Graduation! —by Jinny Batterson
My high school graduation took place in a large indoor auditorium. My outdoor college graduation was truncated by weather on a steamy late May afternoon. Our college president was calling out the first few names of graduates to process across the stage to receive our individual diplomas when lightning flashed, thunder boomed, and spatters of rain fell. Rather than getting everyone soaked and risking a lightning strike, the president quickly changed plans. He announced that the rest of us would get our diplomas in the mail. We all beat a hasty retreat to the nearest indoor shelter.
Graduations are often a big deal, both for graduates and for their families. They represent a time of hope and possibility. I’ve not yet had the privilege of attending a graduation ceremony in China, but former students have sent me pictures of their classes and/or families posing for graduation photos. From the pictures I’ve seen, some graduations in China are relatively informal, while others have elaborate pomp and ceremony. A fair number of my former students posed in caps and gowns.
China’s education system is immense. One of the government’s top priorities, especially during the past generation, has been expanding education at all levels. Even in the most remote villages, there is either a primary school or a well-worn path to the closest available school. It is estimated that over 98 percent of Chinese children now have access to elementary education. In China, education is compulsory through 9th grade, which includes six years of primary education and three years of “junior middle school.” The majority of schools are run by the government, free or with minimal fees, but in recent years private education has also boomed.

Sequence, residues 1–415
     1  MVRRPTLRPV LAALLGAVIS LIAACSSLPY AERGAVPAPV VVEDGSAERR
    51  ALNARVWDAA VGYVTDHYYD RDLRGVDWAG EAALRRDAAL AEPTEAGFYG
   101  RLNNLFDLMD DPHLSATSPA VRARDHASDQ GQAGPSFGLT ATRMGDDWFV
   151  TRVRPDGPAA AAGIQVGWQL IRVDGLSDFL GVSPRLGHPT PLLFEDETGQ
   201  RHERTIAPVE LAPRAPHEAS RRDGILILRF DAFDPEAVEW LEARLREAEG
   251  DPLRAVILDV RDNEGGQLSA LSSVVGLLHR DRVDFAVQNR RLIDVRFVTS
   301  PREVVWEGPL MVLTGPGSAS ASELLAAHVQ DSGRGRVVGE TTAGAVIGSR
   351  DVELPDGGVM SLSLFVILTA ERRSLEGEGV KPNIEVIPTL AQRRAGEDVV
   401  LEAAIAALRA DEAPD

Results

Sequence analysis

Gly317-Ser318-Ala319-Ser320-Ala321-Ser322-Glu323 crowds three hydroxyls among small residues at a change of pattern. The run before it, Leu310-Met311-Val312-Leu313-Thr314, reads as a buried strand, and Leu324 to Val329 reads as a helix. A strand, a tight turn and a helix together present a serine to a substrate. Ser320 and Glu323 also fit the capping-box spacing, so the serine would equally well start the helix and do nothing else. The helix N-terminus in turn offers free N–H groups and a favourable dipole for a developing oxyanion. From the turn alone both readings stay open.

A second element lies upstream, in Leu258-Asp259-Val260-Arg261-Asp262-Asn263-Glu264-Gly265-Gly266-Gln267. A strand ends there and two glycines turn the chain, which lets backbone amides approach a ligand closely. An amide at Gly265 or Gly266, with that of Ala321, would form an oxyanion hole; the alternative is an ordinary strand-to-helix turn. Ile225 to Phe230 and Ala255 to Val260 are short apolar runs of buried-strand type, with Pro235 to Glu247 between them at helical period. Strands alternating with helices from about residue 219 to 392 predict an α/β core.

China currently awards over 7 million undergraduate degrees each year. This represents a seven-fold increase during the past generation. About 1.5 million of those degrees are in STEM subjects (science, technology, engineering and mathematics). A Chinese colleague told me several years ago that graduates from all levels of Chinese schools (those leaving after 9th grade, 12th grade, college, and post-graduate) add over 20 million people to the Chinese labor force each year. Even in a booming economy, finding jobs for all of these graduates can be tricky. Parts of China’s economy have slowed. There is now a fairly large cohort of young adults in China who, despite advanced educations, are either unemployed or underemployed. In 2010, sociologist Lian Si researched this group and wrote a book, The Ant Tribe, describing their plight.
During the decade when I spent a good bit of time in China as a teacher of English (2002-2012), I was frequently asked by Chinese colleagues about the educational system in the United States. Many teachers, especially younger teachers, were dissatisfied with the proportion of their teaching that involved rote memorization and “teaching to the tests.” My recent exposure to U.S. education has been part-time and spotty, but more and more of the American teachers I interact with also express dissatisfaction with increasing rote memorization and teaching to the tests. After I returned to the U.S. in 2012, I talked with an American colleague, a third grade teacher in an urban school, who’d recently mentored a Chinese colleague sent to the U.S. specifically to observe the teaching of critical thinking skills at the elementary level.
Perceived traditional strengths in Chinese teaching methods—repetition, memorization, formal relations between teacher and students, strict discipline—are being mimicked in more U.S. schools. At the same time, some Chinese education experts are attempting to reform their system to more closely mimic perceived strengths in the “American” way—informality, critical thinking skills, use of technological tools to replace most repetitive and memorization tasks.
There is likely no teaching or learning method that will suit every teacher or every learner. The best teachers and students in any society, it seems to me, are caring people who know that learning never ends. Congratulations to this year’s graduates. May your years of learning be just beginning!